One of the more significant elements of AI and IoT is the rise in automation technology, with the use of robots in particular having risen substantially between 2016 and 2017. According to Statista, the worldwide shipment of robots has risen from 294,000 to 387,000 - a huge number in a relatively small period of time.
This rise in industrial robotics has led to an increased interest in the use of robots in our everyday lives as well. While this technology is being designed to make our lives easier, how do people feel about the rise of robotics?
The capability of robots in the near future
From a long-term perspective, as technology develops there is a very high ceiling on the tasks that robots can realistically perform. At present, however, robotics are mostly used in an industrial setting, particularly for manufacturing.
As this technology continues to develop, in the near future, many experts believe that robotics will be more capable at assisting with everyday tasks domestically and at work - particularly household chores and other manual tasks.
This increased capability of robots has led to a dividing of opinion amongst the public, so how do people feel about robots, and what tasks are people most comfortable with a robot performing?
What the public thinks of robots around the home
In a study of people’s opinions towards the increase of robotics, there was a mixed attitude towards this technological development. While 34% of those surveyed believed that robots would make everyday life better, 32% disagreed, believing that robots would instead disrupt their lives.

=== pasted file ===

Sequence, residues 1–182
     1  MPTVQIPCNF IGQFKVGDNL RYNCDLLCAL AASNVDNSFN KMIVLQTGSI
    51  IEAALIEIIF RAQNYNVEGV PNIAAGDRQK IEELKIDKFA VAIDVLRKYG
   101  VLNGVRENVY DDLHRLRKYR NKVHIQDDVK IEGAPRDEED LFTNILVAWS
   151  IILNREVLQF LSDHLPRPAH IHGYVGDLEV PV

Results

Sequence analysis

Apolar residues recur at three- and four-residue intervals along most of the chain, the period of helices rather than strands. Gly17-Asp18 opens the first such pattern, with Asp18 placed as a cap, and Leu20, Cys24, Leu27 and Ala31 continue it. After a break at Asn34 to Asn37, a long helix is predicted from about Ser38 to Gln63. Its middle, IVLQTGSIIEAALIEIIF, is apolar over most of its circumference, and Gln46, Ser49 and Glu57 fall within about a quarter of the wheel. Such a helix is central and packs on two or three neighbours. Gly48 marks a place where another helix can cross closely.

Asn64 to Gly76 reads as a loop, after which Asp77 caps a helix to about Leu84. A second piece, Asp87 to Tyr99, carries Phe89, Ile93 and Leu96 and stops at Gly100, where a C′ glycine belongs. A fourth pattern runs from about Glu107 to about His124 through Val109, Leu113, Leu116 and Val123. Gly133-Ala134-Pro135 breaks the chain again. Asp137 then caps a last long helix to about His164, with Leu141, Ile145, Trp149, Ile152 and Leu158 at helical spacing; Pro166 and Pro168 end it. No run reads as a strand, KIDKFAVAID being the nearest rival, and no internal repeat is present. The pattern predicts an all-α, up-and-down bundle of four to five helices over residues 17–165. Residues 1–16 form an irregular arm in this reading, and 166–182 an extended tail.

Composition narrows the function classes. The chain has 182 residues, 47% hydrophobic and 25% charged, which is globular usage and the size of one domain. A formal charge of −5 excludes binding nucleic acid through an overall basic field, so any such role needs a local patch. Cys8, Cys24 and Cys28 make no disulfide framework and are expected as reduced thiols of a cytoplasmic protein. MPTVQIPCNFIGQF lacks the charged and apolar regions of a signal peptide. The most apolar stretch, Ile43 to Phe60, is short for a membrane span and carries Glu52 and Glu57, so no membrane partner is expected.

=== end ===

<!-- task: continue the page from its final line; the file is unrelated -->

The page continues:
A considerable element of this opinion seemed to be rooted in a fear of job loss, with 22% of those surveyed suggesting this concern. There was also a far greater percentage of those who claimed they would trust a human over a robot (54%) than vice versa (14%), suggesting there is a generalised mistrust of robotics amongst the general public.
The study also shows that the women surveyed were more concerned about robots than men, with 34% of female respondents worried about the influence of robots, compared to 29% of men. Additionally, only 32% of women believed that robots would benefit everyday life, compared to a far greater 46% of men.
There was also a higher level of acceptance and trust towards robotics amongst the younger respondents in the survey, compared to the older interviewees, who displayed a bigger fear of robots than their younger contemporaries.
Perhaps because of this divide in opinion, there were very few tasks that a large number of respondents claimed they’d be happy to let a robot perform. Only household chores received a large percentage in favour, with 40% of respondents saying they would be happy to use robots around the house.
These numbers suggest that while researchers and business innovators are confident that robots will have a big part to play in the future, the general public is yet to be convinced of their role in our everyday lives.